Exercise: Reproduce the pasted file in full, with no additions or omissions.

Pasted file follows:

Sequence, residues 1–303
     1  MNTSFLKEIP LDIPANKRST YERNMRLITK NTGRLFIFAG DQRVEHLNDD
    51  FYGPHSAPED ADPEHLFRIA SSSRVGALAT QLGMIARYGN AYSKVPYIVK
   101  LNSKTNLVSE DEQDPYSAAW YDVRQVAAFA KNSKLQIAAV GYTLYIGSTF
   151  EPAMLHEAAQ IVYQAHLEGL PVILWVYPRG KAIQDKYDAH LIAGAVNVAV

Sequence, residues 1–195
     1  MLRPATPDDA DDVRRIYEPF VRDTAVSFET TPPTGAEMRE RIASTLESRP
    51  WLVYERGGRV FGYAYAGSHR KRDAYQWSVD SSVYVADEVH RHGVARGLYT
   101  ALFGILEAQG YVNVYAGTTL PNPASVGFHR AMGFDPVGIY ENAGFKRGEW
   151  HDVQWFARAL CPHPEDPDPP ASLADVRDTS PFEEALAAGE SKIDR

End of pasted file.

Sequence, residues 1–303
     1  MNTSFLKEIP LDIPANKRST YERNMRLITK NTGRLFIFAG DQRVEHLNDD
    51  FYGPHSAPED ADPEHLFRIA SSSRVGALAT QLGMIARYGN AYSKVPYIVK
   101  LNSKTNLVSE DEQDPYSAAW YDVRQVAAFA KNSKLQIAAV GYTLYIGSTF
   151  EPAMLHEAAQ IVYQAHLEGL PVILWVYPRG KAIQDKYDAH LIAGAVNVAV

Sequence, residues 1–195
     1  MLRPATPDDA DDVRRIYEPF VRDTAVSFET TPPTGAEMRE RIASTLESRP
    51  WLVYERGGRV FGYAYAGSHR KRDAYQWSVD SSVYVADEVH RHGVARGLYT
   101  ALFGILEAQG YVNVYAGTTL PNPASVGFHR AMGFDPVGIY ENAGFKRGEW
   151  HDVQWFARAL CPHPEDPDPP ASLADVRDTS PFEEALAAGE SKIDR